TDPS undergrad stage managers to gain professional experience this summer

April 12, 2016

Congratulations to our TDPS undergraduate stage managers who have accepted professional theatre internships this summer!

Third-year Stamps Banneker/Key Scholar Matt Balfour (’17) has accepted a stage management internship at the Public Theater in New York City, where he will be working on the summer production of Troilus and Cressida as part of the Shakespeare in the Park program. Matt will be working under the direction of some of the most well respected stage managers in the industry.

Matt will graduate in May 2017, with degrees in both Theatre and Business (with a focus in stage management). His career goal is to become a stage manager on Broadway, but he appreciates how studying business and theatre simultaneously gives him different perspectives on similar issues with regard to management.

Matt worked for Montgomery College Summer Dinner Theatre last summer, and the Public Theater internship will be Matt’s first time working in professional theatre.


Third-year Kyle Travers (’17) has accepted a job a CulturalDC’s Source Festival, the annual theatre festival for new works held at the black box Source Theatre. Kyle will be the rehearsal stage manager for Ballast, one of the three full length plays at this year’s festival. By the end of the rehearsal process, he will transition into the role of assistant stage manager, from May 9th until the end of the festival on July 3rd.  Kyle has previously worked as an assistant stage manager on TDPS productions Tartuffe and UMoves 2016, and he is excited to try his hand at being a stage manager during the Ballast rehearsal process this summer.

Kyle is a Theatre major who is minoring in Linguistics, and he will graduate in Spring 2017. While he is not exactly sure which specific career track he wants to pursue, he loves performing, stage managing, and playwriting, and he knows that he wants to work in the theatre business after he graduates.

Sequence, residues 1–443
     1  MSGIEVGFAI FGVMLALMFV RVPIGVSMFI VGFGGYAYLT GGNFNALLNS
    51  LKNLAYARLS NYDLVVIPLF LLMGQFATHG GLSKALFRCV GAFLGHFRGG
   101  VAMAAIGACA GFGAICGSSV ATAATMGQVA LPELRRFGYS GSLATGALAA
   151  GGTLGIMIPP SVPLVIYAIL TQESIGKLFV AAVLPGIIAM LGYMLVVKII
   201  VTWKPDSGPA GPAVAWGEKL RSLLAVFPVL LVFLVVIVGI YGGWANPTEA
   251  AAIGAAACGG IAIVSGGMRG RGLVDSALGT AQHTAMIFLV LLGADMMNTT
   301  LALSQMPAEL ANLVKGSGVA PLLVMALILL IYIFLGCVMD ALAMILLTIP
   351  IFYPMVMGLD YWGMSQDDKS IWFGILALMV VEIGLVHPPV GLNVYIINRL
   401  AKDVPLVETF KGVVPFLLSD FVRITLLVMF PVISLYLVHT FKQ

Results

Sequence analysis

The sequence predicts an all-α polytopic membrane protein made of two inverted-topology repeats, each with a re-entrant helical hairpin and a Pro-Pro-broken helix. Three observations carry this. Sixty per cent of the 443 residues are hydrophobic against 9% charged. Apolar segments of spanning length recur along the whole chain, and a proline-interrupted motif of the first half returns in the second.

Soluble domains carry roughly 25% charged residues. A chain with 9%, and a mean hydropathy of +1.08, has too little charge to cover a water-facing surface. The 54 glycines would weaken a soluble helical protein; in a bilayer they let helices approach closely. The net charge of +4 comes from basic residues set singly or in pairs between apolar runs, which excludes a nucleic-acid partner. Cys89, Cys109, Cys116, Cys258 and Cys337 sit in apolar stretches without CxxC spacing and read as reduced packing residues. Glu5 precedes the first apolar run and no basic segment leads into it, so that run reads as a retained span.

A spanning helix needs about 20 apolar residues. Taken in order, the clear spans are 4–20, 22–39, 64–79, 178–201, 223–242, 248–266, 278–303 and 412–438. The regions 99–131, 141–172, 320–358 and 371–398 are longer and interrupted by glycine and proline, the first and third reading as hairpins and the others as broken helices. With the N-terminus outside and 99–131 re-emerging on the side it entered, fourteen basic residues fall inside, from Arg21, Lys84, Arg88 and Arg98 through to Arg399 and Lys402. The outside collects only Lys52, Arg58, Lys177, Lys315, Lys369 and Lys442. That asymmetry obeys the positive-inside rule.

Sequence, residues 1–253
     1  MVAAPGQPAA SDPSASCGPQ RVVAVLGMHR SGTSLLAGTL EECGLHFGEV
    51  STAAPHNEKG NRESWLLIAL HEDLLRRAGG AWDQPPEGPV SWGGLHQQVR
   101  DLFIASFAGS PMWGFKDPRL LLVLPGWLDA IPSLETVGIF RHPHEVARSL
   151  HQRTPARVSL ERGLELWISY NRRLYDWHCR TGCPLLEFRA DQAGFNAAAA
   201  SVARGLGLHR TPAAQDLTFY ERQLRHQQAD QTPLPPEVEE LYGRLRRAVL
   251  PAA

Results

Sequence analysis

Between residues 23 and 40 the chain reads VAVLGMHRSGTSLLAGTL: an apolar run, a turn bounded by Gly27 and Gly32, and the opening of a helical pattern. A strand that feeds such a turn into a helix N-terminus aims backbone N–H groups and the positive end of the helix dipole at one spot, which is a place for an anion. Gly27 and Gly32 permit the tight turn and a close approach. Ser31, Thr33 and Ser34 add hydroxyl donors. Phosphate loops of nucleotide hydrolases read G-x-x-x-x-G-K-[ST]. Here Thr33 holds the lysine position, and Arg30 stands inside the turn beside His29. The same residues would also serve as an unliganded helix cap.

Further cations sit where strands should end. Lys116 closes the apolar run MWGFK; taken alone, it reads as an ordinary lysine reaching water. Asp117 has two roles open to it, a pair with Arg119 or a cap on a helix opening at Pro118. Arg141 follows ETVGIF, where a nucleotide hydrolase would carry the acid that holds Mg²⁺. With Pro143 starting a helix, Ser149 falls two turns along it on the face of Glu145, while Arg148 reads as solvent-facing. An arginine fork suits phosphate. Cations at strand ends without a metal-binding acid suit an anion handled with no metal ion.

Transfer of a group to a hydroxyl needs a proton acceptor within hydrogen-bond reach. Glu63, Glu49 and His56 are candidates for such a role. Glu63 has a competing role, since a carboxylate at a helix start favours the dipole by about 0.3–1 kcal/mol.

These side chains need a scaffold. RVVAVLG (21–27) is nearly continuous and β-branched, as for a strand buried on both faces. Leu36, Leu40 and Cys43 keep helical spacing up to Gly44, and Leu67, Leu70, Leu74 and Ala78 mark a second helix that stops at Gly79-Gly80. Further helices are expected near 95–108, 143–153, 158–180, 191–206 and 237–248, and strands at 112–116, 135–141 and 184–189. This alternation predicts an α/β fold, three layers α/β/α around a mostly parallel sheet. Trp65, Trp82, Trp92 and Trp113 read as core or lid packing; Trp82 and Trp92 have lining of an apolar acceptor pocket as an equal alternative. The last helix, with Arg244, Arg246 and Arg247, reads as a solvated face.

Tori Ujczo (’16) will be working as the production assistant for “The Little Mermaid” at Imagination Stage in Bethesda, MD this summer. She is excited to be working with equity stage managers, including some UMD TDPS alumni, and it will be her first time working in theatre for young audiences.

Tori transferred to UMD in January 2015 from New Mexico, and she will graduate from TDPS in December 2016. She appreciates how helpful and supportive TDPS faculty and staff are here, and she sees the summer internship at Imagination Stage as a great opportunity to network with local professionals and to grow her career after graduation.


Jack Riley (’16) and Cary Gillett at the USITT 2016 conference

Senior Jack Riley (’16) will begin a stage management apprenticeship at Olney Theatre Center this summer, which will continue over the next year. He is one of 15 apprentices selected for this competitive opportunity, and they will begin their year-long intensive in early May. Jack’s first show as assistant stage manager at Olney Theatre will be Bakersfield Mist this summer. Next fall, he will also work as the production assistant for Tony Kushner’s Angels in America, which will be co-produced by Olney Theatre and Round House Theatre (and which TDPS performance faculty Mitchell Hébert will perform in).

Jack is excited about the opportunity to rack up enough equity show points to join the union after the apprenticeship is over next year. He plans on a career in stage management, and he enjoys the constant problem solving that is required of the job.


TDPS students and alumni with Cary Gillett at the 2017 USITT conference

Matt Balfour, Kyle Travers, Tori Ujczo, and Jack Riley each mentioned during their interviews for this article the support and encouragement that they have received throughout their undergraduate careers from TDPS production manager and lecturer Cary Gillett. Each of them was put into contact with their respective theatres through Cary, and they all express appreciation for her support and far-reaching connections. As Jack Riley says, students training to be stage managers at TDPS are given a lot of independence, but also a lot of guidance—“just enough rope not to hang yourself.” Now they will gain stage management experience outside of The Clarice’s walls, and continue growing their skill sets beyond their TDPS degree.

Congratulations, and good luck to all of you!


By Kate Spanos

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